Customer Loyalty Programs – They Really Work!

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May 23, 2014 - PRLog -- How many times have you returned to a business because you had a “frequent customer” card and were on your way to earning rewards?

I’m not a betting person but, if I were, I would bet that each of you has at least one customer loyalty card either on your keychain or in your wallet. That business is letting you know you are a valued customer and thanking you for your time, effort and spending habits. From a consumer perspective, you believe you get some benefits – whether it’s a discount, special offer or some other type of reward – by using the card.

In other words – customer loyalty programs work! And not just for department and drug stores, gas and food store chains and cruise lines. Loyalty programs can be just as effective for mom-and-pops and local businesses.

Developing a loyalty program is not rocket science but it is a necessary investment in your business. After all, “loyal” customers visit the brand/site/store more, spend more often and can generate new customers through face-to-face or Internet “word of mouth.”

The program doesn’t have to be complex or costly (there are numerous free or low-cost tools now available) and you don’t need a computer whiz to manage the program. Logistically, there are several ways to approach a customer loyalty program. I would recommend starting with a registration/sign-up form. That way you can keep track of your customers’ activities while developing a data base that can be used for future promotions (we will deal with the digital side of loyalty programs in greater depth in a future blog).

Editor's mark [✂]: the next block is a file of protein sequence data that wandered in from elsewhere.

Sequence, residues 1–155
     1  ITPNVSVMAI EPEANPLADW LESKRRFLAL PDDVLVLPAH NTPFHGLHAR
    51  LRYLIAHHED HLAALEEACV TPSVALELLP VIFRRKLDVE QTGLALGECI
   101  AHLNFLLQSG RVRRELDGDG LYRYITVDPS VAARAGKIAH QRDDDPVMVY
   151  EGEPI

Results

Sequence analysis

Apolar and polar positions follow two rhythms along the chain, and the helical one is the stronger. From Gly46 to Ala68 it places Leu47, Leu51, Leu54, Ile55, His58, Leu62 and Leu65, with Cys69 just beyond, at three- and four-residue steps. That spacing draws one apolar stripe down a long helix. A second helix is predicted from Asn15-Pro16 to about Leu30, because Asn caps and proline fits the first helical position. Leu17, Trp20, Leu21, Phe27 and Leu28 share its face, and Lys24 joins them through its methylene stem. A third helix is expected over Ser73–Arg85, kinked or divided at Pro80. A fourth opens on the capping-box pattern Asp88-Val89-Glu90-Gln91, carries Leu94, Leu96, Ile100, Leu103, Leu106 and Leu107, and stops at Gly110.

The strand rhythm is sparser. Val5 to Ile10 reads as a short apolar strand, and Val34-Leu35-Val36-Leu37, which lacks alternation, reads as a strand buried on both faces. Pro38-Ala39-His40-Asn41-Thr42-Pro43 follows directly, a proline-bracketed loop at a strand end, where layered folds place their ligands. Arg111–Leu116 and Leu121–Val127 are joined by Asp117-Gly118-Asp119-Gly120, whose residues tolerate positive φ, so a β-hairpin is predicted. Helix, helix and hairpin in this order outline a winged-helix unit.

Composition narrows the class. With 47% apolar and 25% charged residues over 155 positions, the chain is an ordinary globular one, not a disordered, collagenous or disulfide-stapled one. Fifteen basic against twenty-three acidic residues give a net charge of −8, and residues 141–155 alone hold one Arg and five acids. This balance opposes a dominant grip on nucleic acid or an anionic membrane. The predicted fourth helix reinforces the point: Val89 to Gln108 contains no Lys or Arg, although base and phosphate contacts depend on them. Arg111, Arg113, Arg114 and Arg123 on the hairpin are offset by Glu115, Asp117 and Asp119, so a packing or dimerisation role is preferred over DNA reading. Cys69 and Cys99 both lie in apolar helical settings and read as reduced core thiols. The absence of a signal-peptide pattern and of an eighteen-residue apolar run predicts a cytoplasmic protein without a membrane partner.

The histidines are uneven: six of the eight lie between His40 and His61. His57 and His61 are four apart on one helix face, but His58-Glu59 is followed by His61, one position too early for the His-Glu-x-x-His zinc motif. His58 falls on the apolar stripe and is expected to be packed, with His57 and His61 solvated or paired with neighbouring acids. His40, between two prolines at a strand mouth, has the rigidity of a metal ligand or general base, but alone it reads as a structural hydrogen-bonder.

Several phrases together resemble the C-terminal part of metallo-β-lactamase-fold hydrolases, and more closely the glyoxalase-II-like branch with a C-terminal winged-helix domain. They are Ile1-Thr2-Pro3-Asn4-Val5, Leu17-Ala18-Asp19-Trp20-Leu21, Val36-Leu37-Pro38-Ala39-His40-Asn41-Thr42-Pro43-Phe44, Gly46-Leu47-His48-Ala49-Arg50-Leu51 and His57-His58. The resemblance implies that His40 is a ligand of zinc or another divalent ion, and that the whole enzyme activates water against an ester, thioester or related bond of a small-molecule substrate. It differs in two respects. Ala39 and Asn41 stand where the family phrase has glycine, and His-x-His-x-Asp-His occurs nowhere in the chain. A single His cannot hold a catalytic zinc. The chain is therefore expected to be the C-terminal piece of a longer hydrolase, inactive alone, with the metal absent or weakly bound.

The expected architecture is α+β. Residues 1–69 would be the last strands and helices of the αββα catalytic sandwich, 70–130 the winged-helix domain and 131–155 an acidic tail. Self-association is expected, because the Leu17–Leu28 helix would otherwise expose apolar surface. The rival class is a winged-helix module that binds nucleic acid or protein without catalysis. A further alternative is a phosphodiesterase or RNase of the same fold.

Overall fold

When launching a program, keep in mind the following factors:

Keep it simple: The simpler the loyalty program is, the easier it will be for your customers to latch onto and the easier it will be for you to administer. Give your customers something to shoot for, perhaps by earning “points” to advance through levels/tiers/steps to qualify for special discounts, services or bonuses. The points can be based on number of visits, dollars spent or by specific products purchased.
Give your customers something to shoot for, perhaps by earning “points” to advance through levels/tiers/steps to qualify for special discounts, services or bonuses.
Appropriateness: The rewards have to be appropriate for your business and for your customers – it has to be something they would like to have.
Give them a reason to come back: You don’t have to give away the ranch but it should be significant enough that it makes it worth their while to come back. Percentages or dollars off, gifts with purchase (how about that “free” turkey at Thanksgiving?) and BOGO (buy one, get one free or half off) are good examples.
Once a customer loyalty program is in place, don’t forget about it; it needs ongoing care. Now that you’ve made some initial connections with your customers, your focus should be on finding ways to continue and even expand that level of connection through various forms of ongoing customer communication.

Taking the time to develop an appropriate loyalty plan is well worth the time, money and effort. It lets the customer know they are valued and is the cornerstone of a solid and effective company-wide customer service approach.

Sharon Fisher
Source:Sharon Fisher & Associates
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Tags:Marketing, South Carolina, Travel
Industry:Advertising, Media
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